Disaster Masters: Tales From The Bousai Center

What time is it? Time to get wrecked! It’s Friday, I’m a hot young thang and I had only one class. So what did I do? Went to the Kyoto-shi Shimin Bousai Senta with AKP! In English that’s the Kyoto Disaster Prevention Center, and something that the program does every year. There are only, ya know, bunches of earthquakes, tsunamis and fires in Japan, so they figured we should know a bit about them. Or more precisely, how not to get wrecked by them, despite my opening sentence. There were a bunch of different stations we went through that simulated various natural disasters, from a room with winds at speeds of 32 m/s, to an earthquake room that went up to magnitude 7 to a smokey room with an electric flame that we had to crawl through if we have future hopes and dreams. Which it seemed like all of us do. There was also a ~20 minute break we had where it was a room of games or fun stuff, such as the on-screen picture thing, put-your-face-in-the-hole things or a helicopter fire rescue situation (at which we failed miserably).

Two things to take away: fire games and my watery death. Okay, so one simulation was all about water flooding the subway and how screwed you’d be. So there was a door that simulated the force of water at 10-40 cm in increments of 10. Most of us were fine up to 30 cm, even though it was a struggle bus. 40 cm though? Have that incinerator ready baby, cause almost no one, definitely not myself, could get the door to budge when it was a 40 cm buildup. I could either work out or accept my fate, and we all know it’s the latter. Fair warning to all when you’re in that situation, we’re all probs in the same death boat. 🙂

Oh, and the fire game? There was this game, that looked and was fun, where you aim water guns at a screen with floating fire blobs, just like at a fairground minus the actual water. Only once you finished the game this automated police lady popped up and (presumably, I couldn’t understand her) told you how good you did. You had to wait like 5 minutes in between shootings and once they came, you were done in about 30 seconds. Super difficult to be a badass when you can’t save the day. Thanks pixelated copper.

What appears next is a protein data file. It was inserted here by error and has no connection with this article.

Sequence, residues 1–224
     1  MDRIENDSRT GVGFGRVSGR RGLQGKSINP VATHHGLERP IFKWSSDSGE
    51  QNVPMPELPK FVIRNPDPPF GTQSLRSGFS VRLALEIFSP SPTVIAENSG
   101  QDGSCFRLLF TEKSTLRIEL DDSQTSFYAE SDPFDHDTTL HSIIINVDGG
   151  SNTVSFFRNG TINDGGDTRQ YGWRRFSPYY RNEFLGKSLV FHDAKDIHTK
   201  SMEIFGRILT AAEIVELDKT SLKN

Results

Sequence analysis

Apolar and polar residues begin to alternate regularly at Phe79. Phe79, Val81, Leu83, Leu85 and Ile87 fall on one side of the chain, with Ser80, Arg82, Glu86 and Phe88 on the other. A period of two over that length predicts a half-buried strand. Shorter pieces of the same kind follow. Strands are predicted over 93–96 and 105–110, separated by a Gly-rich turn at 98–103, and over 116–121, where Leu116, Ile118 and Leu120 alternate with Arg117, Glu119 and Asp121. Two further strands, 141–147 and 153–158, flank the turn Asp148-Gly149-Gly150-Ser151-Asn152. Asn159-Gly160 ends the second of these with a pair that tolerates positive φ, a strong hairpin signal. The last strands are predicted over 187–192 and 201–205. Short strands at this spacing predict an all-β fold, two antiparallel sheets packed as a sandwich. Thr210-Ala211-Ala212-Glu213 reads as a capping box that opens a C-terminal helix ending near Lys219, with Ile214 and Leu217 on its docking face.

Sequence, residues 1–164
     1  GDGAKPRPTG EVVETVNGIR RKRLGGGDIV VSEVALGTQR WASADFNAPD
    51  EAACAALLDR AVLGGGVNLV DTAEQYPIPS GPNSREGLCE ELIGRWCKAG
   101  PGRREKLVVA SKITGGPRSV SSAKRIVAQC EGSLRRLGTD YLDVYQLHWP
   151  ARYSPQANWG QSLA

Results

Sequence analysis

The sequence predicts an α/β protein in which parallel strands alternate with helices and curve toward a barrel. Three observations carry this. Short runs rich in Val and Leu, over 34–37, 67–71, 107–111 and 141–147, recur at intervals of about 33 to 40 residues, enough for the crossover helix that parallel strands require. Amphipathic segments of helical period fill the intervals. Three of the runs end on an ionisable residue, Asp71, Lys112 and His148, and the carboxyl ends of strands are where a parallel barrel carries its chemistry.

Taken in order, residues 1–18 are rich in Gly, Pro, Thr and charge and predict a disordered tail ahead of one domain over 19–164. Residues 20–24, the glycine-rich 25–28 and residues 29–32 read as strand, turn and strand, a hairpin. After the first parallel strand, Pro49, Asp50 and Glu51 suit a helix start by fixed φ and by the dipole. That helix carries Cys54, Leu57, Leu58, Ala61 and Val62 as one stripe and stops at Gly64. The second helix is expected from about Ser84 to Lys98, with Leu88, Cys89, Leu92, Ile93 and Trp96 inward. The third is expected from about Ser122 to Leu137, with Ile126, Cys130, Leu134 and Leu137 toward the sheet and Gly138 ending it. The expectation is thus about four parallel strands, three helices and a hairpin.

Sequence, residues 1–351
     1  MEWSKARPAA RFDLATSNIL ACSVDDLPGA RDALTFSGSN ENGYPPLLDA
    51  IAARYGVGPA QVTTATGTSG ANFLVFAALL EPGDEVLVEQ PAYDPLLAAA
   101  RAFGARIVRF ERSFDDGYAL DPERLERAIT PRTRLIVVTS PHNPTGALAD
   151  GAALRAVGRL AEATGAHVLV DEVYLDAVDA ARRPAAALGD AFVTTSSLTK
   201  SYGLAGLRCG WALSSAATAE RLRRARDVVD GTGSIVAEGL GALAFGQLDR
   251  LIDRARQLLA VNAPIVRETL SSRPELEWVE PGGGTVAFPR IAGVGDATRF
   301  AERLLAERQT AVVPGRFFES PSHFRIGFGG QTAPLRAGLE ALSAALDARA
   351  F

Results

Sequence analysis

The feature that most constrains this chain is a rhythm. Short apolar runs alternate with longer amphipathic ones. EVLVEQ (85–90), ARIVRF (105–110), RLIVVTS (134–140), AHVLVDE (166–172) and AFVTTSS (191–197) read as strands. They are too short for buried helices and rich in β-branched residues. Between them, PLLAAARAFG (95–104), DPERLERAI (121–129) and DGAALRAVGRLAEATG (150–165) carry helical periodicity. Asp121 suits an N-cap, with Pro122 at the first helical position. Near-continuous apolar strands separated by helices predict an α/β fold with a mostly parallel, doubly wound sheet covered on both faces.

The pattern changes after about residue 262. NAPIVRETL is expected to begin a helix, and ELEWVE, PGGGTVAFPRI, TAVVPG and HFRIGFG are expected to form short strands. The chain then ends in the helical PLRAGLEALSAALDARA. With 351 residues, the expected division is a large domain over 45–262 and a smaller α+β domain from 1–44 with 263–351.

Afterwords we were deposited at Kyoto Station, a wonderland of food and gifts and some free samples. Praise them samples! Steph and I hung around for over an hour exploring and trying free food, and we even had a nice ‘lil convo with a shopkeeper in Japanese about why we’re here and stuff. Three cheers for feeling confident! Anyways, I finally found something matcha, which I’m always craving, and which ended up being a matcha loaf with azuki scattered on top. I also found a place to exchange USD for yen, always nice, plus some free English tour magazines as recommended by okaa-san. Then I came home to something amazing for dinner (I can’t remember what now . . . but I promise it was fantastic) and some good conversation as always. That’s all for the day folks, and uh thank ya, thank ya very much.


Oh, and fun fact about the cover photo? For some reason it wouldn’t load a hero uniform for me, so I’m a self-designated everyday hero. Holla.

4 Comments Add yours

  1. Dan Radford says:

    With a title like Disaster Masters, I can hardly wait to read the new blog. Or were you referring to my diet!


    1. lizhatesfizz says:

      Thanks Dan, it was a fun day (if you couldn’t tell)! But dear god, your diet certainly falls under that category as well – a most unfortunate truth, sir.


  2. Patricia nagy says:

    Hi Elizabeth waiting for the rest of the blog but you sure look cute as a little orange man maybe your a poke man love grandma


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